My Grandfather died before I was born, I never got to know him. By all accounts he was a hard working, frugal man. A bus driver and father of eight, my mother came somewhere towards the tailend of his offspring.
He never had much money, what he earned had to be shared among a lot of things, Apperently he was always good humoured. Always kind and as generous as his means allowed.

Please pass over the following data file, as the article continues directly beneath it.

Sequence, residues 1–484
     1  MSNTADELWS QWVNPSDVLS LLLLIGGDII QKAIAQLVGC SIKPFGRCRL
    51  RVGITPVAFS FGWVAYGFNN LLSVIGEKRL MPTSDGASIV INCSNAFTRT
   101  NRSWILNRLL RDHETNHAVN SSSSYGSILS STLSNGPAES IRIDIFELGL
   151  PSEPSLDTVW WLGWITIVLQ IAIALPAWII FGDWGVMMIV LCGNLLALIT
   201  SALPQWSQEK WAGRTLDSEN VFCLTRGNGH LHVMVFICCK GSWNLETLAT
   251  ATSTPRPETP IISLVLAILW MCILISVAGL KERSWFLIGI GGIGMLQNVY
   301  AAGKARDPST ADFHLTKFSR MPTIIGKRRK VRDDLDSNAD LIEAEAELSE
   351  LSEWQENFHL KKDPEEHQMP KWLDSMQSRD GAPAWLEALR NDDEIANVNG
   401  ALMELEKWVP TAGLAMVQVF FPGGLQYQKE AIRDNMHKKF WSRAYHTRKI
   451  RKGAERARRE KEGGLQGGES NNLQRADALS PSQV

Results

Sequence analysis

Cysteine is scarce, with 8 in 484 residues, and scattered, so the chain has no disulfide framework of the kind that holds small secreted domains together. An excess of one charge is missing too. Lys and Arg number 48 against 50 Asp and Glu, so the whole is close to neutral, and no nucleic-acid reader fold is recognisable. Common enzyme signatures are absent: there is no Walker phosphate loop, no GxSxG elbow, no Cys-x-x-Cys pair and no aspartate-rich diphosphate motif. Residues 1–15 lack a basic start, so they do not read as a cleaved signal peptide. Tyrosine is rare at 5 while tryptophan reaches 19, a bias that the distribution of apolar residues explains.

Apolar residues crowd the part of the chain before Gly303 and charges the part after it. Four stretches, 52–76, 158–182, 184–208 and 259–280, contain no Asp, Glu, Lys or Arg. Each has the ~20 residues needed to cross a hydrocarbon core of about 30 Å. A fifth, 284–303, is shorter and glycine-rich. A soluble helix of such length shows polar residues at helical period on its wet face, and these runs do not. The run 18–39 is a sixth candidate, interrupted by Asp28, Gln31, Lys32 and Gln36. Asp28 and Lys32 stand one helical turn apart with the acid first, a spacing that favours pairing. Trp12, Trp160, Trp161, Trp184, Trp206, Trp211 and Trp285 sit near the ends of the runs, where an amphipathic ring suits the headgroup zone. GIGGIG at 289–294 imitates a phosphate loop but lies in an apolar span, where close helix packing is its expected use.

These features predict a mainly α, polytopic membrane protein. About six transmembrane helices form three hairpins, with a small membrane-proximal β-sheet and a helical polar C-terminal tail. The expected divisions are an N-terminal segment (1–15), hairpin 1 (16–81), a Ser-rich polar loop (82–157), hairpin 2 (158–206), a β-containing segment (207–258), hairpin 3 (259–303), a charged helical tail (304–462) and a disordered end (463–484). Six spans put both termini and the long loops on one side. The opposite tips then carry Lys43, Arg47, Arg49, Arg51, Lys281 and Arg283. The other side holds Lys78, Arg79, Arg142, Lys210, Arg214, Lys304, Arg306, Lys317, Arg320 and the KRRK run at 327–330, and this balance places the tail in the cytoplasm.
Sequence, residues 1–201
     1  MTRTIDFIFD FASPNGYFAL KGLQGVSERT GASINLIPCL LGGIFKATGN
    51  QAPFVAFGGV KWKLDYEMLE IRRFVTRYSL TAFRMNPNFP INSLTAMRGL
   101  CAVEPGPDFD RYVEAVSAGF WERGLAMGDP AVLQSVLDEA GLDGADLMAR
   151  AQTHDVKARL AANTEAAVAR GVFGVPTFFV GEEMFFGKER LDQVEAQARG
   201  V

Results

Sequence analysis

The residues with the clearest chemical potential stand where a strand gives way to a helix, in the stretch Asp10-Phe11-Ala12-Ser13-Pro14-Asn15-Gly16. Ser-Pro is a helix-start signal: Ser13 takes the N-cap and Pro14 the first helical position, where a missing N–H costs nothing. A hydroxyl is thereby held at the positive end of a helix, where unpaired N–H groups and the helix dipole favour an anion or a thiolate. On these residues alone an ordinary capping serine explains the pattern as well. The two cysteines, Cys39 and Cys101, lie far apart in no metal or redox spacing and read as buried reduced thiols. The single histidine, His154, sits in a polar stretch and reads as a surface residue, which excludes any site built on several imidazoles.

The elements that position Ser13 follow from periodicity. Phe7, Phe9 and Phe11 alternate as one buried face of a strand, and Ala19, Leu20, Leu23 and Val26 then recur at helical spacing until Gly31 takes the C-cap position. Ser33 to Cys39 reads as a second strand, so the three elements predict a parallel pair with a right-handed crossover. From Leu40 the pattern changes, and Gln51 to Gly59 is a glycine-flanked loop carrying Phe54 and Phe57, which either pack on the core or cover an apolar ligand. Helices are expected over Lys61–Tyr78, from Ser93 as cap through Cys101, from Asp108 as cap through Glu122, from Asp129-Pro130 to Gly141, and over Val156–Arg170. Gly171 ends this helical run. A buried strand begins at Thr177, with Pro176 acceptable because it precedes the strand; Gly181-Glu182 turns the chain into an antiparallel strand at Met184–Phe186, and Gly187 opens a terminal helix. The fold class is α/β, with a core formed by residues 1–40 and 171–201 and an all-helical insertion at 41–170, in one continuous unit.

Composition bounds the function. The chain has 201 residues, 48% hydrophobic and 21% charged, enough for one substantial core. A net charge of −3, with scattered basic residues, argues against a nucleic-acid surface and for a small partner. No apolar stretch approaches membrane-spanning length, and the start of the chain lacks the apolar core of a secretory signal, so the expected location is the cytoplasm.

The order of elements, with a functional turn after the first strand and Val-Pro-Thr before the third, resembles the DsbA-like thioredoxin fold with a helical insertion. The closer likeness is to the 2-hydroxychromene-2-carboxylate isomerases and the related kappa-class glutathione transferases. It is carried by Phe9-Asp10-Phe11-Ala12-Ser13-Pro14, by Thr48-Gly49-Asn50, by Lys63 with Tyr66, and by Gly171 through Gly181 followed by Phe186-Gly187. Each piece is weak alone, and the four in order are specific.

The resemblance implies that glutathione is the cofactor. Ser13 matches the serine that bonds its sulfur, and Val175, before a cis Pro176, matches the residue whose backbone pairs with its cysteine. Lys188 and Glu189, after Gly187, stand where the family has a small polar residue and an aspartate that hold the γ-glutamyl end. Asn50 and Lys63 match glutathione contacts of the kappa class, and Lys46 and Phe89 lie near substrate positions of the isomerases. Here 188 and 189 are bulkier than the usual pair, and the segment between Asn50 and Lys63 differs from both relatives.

One summer his eldest boy returned from the States for a short visit home. His son, my Uncle George, hugged his father and passed him a box of cigarettes. My Grandad opened the box, took one out and made to return them.
My Uncle held up a hand. ‘It’s okay Dad,’ he said, ‘you can keep them.’
‘What?’ Grandad asked in confusion. ‘The whole box?’
‘Sure,’ George answered with a smile and more than a tinge of New York on his tongue. He reached into his pocket. ‘Here, why don’t you take another one too.’
My Grandad had rolled his own all of his life.
His son’s show of wealth broke him. He turned into a bitter, resentful man who guarded every ha’penny, every farthing.